Normal Pancreas

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Arterial and Venous Supply

As is common in the gastrointestinal tract, numerous anastomoses exist between the intrapancreatic blood vessels. In general the head region of the gland receives its supply from the superior mesenteric artery, whereas the celiac trunk supplies the body and tail of the gland. This is of interest, since this region develops separately from the rest of the pancreas in the embryo. The venous drainage of the pancreas flows into the portal vein from the superior mesenteric and splenic veins. The blood contains high concentrations of the pancreatic hormones, especially insulin and glucagons, which elicit many of their functions directly on the hepato-cytes. Interlobular arteries and veins run in parallel to one another and adjacent to the exocrine ducts. The intralobular arteries run centrally in the lobuli and send tributaries to the exocrine acini, islets and ductules, respectively. However, the latter organization is species dependent [1].

Microvasculature

The capillaries derived from the arterioles just mentioned differ markedly between islets and exocrine tissue in that they are wider (approximately 8 to 10 mm versus 4 to 6 mm) in the former. Furthermore, they constitute a much denser network in the islets. The capillary endothelium in the pancreas is fenestrated, but those in the islets possess almost 10 times as many fenestrae as capillaries in the exocrine and ductular compartments [2]. It seems as if vascular endothelial growth factor (VEGF), locally produced within the islets, is responsible for the formation of the fenestrations. Functionally, pancreatic capillaries are very permeable [3], and particularly so those within the islets. Thus, the vascu-lature is unlikely to pose any restrictions to the diffusion of the islet hormones.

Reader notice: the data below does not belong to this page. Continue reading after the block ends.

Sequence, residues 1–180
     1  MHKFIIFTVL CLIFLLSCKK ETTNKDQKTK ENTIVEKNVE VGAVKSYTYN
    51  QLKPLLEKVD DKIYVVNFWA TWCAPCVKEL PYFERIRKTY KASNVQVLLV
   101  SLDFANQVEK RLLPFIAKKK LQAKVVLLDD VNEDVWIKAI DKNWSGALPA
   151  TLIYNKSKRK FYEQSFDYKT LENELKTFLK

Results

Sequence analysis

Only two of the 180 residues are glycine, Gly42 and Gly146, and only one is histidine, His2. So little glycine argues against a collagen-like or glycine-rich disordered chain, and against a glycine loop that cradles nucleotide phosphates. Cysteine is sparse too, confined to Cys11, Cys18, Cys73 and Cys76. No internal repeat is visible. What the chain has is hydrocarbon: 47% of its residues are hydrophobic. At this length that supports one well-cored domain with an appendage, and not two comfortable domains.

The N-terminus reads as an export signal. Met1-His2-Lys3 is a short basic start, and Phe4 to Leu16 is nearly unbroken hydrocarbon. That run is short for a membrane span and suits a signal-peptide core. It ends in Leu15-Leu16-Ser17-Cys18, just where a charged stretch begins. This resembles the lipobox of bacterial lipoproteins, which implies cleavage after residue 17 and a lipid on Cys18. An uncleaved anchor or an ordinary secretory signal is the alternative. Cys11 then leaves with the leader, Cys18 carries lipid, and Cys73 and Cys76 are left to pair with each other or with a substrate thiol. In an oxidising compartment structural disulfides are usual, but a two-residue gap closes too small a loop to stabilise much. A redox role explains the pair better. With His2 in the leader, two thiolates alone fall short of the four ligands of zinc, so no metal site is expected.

The microvasculature of the islets has been described as glomerular-like, since its initial description by Paul Langerhans in 1869. A number of species from various vertebrates have been studied, and species differences exist. A general finding is, however, that all mammals, that is, including humans, have a direct and separate arteriolar flow to the islets. The islet vasculature is otherwise dependent on the size of the islets. Thus, smaller islets are located in the periphery of the lobuli, whereas larger islets (more than 250 mm in diameter) are mainly found at major branches of blood vessels or in association with major ducts. Small islets receive their blood supply from one arteriole and drain through numerous efferent capillaries into a basket-like network around the islets, which subsequently drains into intralobular venules. According to some investigators [4], these efferent capillaries communicate with those around exocrine acini and/or ducts, thereby forming a so called insulo-acinar portal system. Large islets, on the other hand, possess one to three arterioles, and the efferent capillaries drain into postcapillary venules at the edge of the islets, which then empty into intralobular veins. In addition to this, numerous small capillaries and/or venules connect the islets with capillaries in the acini and the ducts. Previously it has been debated to what extent these arrangements are species dependent, and whether all blood in the pancreas passes through the insulo-acinar network. At present this seems unlikely [4].

A summary of microvascular parameters in the endocrine and exocrine pancreas is given in Figure 1.

Lymphatic Capillaries